SPRINGVILLE — Despite a lifetime as a Christian, Chip Thornton said he wasn’t truly a believer.
“(Christ) was part of my intellectual world view, but He had never pierced my heart,” Thornton said. “Once the Gospel pierced my heart, that changed everything.”
That didn’t happen for Thornton until he was in law school in Tuscaloosa. By answering the call to ministry, Thornton wound up on a long path that has led him, his wife Kerri and four children to Springville. Thornton started as pastor at First Baptist in Springville Sept. 2.
“I see God moving people to this area,” he said. “I see God’s hand bringing people to us.
“We don’t have to go out, although we will. But God is going to bring a lot of people to us.”
A native of Hoover, Thornton played collegiate soccer at UAB for three years, majoring in accounting. His next stop was Tuscaloosa, to study tax law.
His trip detoured, however, while he was studying to take the law school entrance examination.
“I started listening to Steve Gaines at Gardendale Baptist Church,” Thornton said. “I thought I was saved when I was 7 years old, but I came to the realization that I was not. … I went to a church service and was saved almost immediately.”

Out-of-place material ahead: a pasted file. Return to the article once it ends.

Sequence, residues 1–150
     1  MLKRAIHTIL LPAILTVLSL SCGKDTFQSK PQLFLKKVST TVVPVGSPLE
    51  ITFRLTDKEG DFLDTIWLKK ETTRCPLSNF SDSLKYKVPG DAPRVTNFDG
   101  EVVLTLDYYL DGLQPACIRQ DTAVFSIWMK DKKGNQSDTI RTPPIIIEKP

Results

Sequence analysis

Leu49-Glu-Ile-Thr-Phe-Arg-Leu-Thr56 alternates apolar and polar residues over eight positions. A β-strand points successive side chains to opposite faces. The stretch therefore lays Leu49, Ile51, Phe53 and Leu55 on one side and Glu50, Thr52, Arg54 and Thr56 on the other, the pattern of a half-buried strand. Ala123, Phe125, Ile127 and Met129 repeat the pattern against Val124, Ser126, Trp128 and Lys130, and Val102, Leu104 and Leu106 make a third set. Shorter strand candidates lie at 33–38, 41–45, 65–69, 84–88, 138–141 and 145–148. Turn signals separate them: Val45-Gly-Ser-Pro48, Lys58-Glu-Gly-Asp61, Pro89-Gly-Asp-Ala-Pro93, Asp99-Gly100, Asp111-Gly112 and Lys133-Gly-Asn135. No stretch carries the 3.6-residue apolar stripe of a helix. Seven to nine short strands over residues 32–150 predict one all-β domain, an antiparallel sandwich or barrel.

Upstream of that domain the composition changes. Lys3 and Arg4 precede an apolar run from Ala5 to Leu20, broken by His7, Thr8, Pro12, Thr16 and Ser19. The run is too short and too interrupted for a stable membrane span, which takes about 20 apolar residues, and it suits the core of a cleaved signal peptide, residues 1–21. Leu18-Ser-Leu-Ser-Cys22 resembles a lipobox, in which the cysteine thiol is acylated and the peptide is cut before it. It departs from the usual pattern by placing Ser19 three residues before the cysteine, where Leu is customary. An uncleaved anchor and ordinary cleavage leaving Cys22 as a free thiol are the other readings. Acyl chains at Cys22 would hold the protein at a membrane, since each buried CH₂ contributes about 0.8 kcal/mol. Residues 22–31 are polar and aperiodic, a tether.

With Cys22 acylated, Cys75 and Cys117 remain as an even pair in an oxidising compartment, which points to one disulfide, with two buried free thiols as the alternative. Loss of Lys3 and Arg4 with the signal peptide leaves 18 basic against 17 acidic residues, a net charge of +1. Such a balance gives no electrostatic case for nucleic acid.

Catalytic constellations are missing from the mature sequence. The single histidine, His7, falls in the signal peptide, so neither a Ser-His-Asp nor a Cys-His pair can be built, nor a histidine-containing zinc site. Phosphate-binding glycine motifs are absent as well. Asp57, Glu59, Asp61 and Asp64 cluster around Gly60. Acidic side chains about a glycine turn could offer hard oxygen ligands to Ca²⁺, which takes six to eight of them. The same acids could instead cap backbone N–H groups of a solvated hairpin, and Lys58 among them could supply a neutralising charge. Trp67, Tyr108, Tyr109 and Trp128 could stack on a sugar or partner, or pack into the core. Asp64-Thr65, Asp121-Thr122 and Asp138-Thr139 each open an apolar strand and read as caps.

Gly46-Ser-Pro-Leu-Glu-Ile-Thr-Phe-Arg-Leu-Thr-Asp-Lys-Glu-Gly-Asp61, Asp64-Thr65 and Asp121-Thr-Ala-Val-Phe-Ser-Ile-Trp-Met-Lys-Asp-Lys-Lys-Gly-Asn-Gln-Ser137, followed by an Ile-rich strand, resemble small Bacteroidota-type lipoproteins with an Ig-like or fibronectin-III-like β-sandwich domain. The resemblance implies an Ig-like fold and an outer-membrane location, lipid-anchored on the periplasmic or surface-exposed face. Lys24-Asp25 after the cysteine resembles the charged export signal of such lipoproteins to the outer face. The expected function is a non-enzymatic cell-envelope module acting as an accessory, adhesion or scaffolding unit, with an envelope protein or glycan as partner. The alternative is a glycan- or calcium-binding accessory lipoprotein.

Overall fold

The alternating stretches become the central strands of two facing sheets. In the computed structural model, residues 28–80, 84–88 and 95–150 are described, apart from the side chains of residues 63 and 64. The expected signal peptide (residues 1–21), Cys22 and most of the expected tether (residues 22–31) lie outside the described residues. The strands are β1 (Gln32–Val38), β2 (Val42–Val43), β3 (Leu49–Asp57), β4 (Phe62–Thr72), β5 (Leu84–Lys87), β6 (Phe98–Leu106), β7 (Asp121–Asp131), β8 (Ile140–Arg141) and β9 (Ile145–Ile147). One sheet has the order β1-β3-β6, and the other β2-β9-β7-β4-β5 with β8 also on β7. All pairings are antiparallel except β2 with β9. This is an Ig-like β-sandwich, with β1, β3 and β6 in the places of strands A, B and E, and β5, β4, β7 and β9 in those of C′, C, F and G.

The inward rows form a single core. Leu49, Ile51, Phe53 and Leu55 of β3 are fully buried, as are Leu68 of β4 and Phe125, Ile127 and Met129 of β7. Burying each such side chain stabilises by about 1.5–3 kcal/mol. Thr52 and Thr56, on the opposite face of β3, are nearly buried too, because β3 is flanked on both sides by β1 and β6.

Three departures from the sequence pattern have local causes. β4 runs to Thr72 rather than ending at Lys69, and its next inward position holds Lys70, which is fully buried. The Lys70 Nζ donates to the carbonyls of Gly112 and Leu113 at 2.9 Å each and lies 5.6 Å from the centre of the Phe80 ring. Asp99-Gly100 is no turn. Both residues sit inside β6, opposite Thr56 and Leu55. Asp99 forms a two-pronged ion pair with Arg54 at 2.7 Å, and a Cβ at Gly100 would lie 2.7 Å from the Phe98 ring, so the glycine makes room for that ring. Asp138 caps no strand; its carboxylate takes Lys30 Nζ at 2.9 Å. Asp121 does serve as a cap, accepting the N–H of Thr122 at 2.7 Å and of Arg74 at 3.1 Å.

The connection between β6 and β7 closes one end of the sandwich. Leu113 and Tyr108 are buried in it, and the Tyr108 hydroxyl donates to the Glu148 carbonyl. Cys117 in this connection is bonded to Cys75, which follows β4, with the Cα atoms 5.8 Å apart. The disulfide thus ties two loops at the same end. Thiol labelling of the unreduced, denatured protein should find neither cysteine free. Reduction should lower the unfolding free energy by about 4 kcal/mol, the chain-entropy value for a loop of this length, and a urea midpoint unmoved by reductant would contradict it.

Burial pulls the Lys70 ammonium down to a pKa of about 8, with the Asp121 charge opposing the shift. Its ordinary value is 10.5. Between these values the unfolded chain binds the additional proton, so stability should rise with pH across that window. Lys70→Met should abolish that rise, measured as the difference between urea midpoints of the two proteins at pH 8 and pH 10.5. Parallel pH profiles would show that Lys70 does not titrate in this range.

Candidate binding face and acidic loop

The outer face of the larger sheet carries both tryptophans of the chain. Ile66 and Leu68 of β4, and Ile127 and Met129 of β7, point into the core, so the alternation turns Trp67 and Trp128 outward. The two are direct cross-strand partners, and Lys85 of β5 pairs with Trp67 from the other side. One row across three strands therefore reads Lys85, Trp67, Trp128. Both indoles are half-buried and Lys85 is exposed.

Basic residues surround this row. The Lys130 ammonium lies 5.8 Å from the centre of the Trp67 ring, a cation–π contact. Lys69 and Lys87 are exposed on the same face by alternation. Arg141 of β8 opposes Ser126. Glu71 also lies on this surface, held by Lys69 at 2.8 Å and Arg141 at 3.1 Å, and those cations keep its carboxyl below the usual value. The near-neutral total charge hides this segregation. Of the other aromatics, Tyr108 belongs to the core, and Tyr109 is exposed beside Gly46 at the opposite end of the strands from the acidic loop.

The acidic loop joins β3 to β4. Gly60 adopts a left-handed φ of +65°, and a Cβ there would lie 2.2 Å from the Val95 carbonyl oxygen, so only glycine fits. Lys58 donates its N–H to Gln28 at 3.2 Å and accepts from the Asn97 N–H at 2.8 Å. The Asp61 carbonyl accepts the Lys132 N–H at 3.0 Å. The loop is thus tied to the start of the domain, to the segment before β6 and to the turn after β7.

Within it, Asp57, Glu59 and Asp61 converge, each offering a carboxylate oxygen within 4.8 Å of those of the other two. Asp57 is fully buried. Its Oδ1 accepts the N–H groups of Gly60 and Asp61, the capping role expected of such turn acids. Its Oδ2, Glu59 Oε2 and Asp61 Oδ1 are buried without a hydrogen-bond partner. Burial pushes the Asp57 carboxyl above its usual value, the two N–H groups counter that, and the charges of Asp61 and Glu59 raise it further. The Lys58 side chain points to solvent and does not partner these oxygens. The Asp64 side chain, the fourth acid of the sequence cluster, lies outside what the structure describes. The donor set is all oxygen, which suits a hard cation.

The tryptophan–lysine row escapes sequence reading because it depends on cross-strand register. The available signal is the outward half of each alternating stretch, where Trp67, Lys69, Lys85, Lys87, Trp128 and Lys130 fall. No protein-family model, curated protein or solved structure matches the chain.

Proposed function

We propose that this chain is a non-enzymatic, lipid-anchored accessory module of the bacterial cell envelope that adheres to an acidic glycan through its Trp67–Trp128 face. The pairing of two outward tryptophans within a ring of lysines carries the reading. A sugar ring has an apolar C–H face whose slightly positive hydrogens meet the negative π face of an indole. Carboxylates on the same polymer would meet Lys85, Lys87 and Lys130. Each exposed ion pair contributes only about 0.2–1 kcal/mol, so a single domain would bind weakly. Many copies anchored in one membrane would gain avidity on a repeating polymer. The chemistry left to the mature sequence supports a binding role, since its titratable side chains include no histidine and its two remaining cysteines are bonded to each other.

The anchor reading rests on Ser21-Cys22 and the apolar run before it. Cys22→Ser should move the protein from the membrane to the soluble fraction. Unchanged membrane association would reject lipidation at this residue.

Thornton went to Southwest Baptist Theological Seminary in Forth Worth, and completed a master’s degree. Saying he “still didn’t feel qualified” to enter full-time ministry, he began doctoral work at The Southern Baptist Theological Seminary, in Louisville, Ky.
During that time, Thornton said he began praying over a woman from Georgia, whose husband had died in an accident, while she was pregnant with the couple’s first child.
“He asked me to pray for her and I did,” Thornton said. “Some time after that, they decided to set me up with the widow.”
One year to the day after Thornton met Kerri face to face, the two were married. Thornton is the legally adoptive father of their eldest daughter, Libby, 8, and the couple has three sons — Boaz, 4, Titus, 2 and Lazarus (“Laz”), 5 months.
Thornton said the chain of events that brought them to Springville came after much prayer.
“We had prayed about it and felt God calling us closer to our home,” he said. “As we were pulling out of our house in Louisville, I checked the mail one more time and found a letter saying Springville First Baptist had an opening, and they had my resume.
“It’s been a wild ride, a fun ride. I never could’ve thought it up myself.”
Thornton said he sees a great deal of symmetry in the mission of the church, which has been in its current location since 1817 — the second oldest Baptist church in Alabama — reaching out to a brand new population.
“I look at God working,” Thornton said. “In 1817, He set it up so this church could be here for this massive migration of people, and we could be here to be part of that plan.
“This church feels like it was part of the plan, for us to be around for that.”